One Year Ago, Biden Promised to Support Generic Vaccines for the World. That’s Amounted to Nothing.
A conversation with South African public health activist Tian Johnson about outrageous global inequalities in access to Covid vaccines, tests and treatments.
Today marks one year since the Biden administration said it would support “waiving intellectual property protections for Covid-19 vaccines” at the World Trade Organization (WTO). At the time, the announcement was met with an outpouring of hope that such a waiver, if passed, would allow Global South countries to manufacture their own generic versions of vaccines, tests, and treatments, and thereby close the international gap in access to life-saving technologies. Because the United States wields so much power at the WTO, many public health advocates assumed that if the Biden administration wanted to get a waiver passed, it could.
But in the year since, the Biden administration has failed to deliver. U.S. representatives have dragged their feet at the Council for Trade-Related Aspects of Intellectual Property Rights (TRIPS), the body that oversees intellectual property rules at the WTO. The Biden administration declined to support the version of the waiver (commonly referred to as a TRIPS waiver) that was initially proposed by India and South Africa in October 2020, and has not done enough to stop the European Union from obstructing progress on an agreement that has teeth. A new proposed agreement on intellectual property now circulating at the TRIPS Council has been blasted by global health activists for excluding tests and treatments, cutting off entire countries (like China and all “developed” nations), and imposing new barriers to the production of generics. Alongside the European Union, the United States bears responsibility for some of the harmful provisions in this proposal, though the Biden administration has not yet said whether it endorses the text.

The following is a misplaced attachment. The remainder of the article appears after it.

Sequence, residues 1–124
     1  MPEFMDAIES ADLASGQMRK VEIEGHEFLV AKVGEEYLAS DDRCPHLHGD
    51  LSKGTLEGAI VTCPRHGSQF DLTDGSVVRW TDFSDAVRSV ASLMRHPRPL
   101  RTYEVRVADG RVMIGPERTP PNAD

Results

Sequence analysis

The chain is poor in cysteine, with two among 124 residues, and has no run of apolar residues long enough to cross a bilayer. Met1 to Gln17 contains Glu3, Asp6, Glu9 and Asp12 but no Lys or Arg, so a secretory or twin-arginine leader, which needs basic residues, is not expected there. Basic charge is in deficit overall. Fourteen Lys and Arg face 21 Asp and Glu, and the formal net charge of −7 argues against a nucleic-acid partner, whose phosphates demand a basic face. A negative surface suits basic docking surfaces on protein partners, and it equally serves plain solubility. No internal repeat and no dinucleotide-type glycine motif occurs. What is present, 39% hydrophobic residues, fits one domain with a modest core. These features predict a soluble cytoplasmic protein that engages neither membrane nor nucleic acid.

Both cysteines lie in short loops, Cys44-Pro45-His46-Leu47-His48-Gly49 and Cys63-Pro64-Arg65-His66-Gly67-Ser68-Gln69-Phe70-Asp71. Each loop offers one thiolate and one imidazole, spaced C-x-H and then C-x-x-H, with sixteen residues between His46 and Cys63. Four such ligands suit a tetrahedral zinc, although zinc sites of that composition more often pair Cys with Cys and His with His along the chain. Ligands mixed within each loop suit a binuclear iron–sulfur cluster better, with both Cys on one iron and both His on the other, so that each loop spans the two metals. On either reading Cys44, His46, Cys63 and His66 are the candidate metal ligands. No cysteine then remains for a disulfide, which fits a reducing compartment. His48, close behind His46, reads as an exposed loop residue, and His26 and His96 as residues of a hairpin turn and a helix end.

Overall, the picture is grim: The WTO seems far from passing a satisfactory intellectual property waiver, though global health activists aren’t giving up. In the meantime, U.S. funding for global vaccinations and pandemic aid has dried up, in the face of outright GOP obstruction, and the Biden administration has fallen woefully behind in delivering on vaccine pledges. With other wealthy countries failing as well, global vaccine inequalities are staggering. Just 21.3% of the population of the entire continent of Africa has received at least one vaccine dose. This compares to 79% in the United States and Canada. In Burundi, just 0.1% of the population has been fully vaccinated, and in Haiti, just 1.1%. Researchers have identified 120 manufacturers in Asia, Latin America and Africa that have the ability to start making mRNA Covid-19 vaccines, but are unable to because Moderna and Pfizer will not share the recipes and technological know-how. And as efforts to free intellectual property falter, it’s looking increasingly clear that governments will not compel those companies to do so.